Effectiveness of Instructional Videos for Enhancing Healthcare Provider Competencies for Hypertension Management – A Pre-Post Study in Primary Healthcare Settings, Tanzania

Edward A, Manase F
BMC Health Services Res

Inadequate adherence to hypertension (HT) clinical standards by healthcare providers is one of the major barriers for HT management. We examined the effectiveness of four short instructional training videos on HT management.

Eighteen primary health care facilities were randomly selected using systematic sampling from five districts in the Dar es Salaam region, Tanzania. Pre-post provider knowledge assessments were conducted six months after training and provider performance was measured using patient observations on 8-10 consecutive adult patients per facility. A Screening Quality Index (SQI), comprised of ten HT screening standards, was used to measure adherence.

Pre-post knowledge scores improved significantly, for, time between blood pressure (BP) readings (28.1% to 72.7%, p=0.01), BP threshold for patients with complications (21.2% to 97.0%, p<0.001), and lifestyle/dietary counseling (from 36.4% to 97.0%, p<0.001). SQI was significantly higher following the training for all provider groups; Nurses (3.0±3.5 to 8.4±1.0, p<0.001), Assistant Medical Officers and Medical Officers (3.5±4.1 to 7.6±2.4, p<0.001), and Assistant Clinical Officers and Clinical Officers (5.4±3.8 to 8.4±2.0, p<0.001). After training, significantly higher adherence was evident for key aspects of managing patients with HT: e.g., counseling on medication (62.1% to 92.7%, p=0.002), side effects (41.4% to 56.1%, p=0.009), reducing caloric intake (69.0 % to 95.1%, p=0.003), reducing cooking salt (65.5% to 97.6%, p<0.01), increasing physical activity (55.2% to 92.7% p<0.001), stopping/reducing cigarette smoking (24.1% to 63.4%, p=0.001), and reducing alcohol consumption (24.1% to 68.3%, p<0.001). SQI was significantly associated with number of years of provider experience (more than 2 years), type of primary healthcare facility (public facility), and exposure to the training intervention.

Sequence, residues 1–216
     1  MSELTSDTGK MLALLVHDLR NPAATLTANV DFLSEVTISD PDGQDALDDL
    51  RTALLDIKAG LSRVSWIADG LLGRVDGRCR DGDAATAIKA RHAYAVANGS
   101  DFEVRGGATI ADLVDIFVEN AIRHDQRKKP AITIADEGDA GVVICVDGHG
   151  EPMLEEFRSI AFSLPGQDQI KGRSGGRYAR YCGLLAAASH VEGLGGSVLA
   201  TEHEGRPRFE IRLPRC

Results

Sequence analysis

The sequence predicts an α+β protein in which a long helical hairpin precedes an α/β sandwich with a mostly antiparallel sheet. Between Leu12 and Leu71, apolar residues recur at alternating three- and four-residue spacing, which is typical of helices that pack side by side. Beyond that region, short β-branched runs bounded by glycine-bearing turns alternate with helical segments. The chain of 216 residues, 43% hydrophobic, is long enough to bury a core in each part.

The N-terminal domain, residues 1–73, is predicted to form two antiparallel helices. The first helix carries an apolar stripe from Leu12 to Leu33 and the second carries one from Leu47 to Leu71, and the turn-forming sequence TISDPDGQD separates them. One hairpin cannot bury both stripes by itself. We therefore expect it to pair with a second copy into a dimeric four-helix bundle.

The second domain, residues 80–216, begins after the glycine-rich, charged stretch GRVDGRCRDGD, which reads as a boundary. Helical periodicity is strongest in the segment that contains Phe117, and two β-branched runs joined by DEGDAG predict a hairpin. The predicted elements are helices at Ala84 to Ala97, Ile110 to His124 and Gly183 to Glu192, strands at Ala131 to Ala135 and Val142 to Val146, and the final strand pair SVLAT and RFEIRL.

Training with short instructional videos can improve provider competency and clinical performance for HT management. The strategy has the potential to enhance effective implementation of HT control strategies in primary care clinics in Tanzania and elsewhere.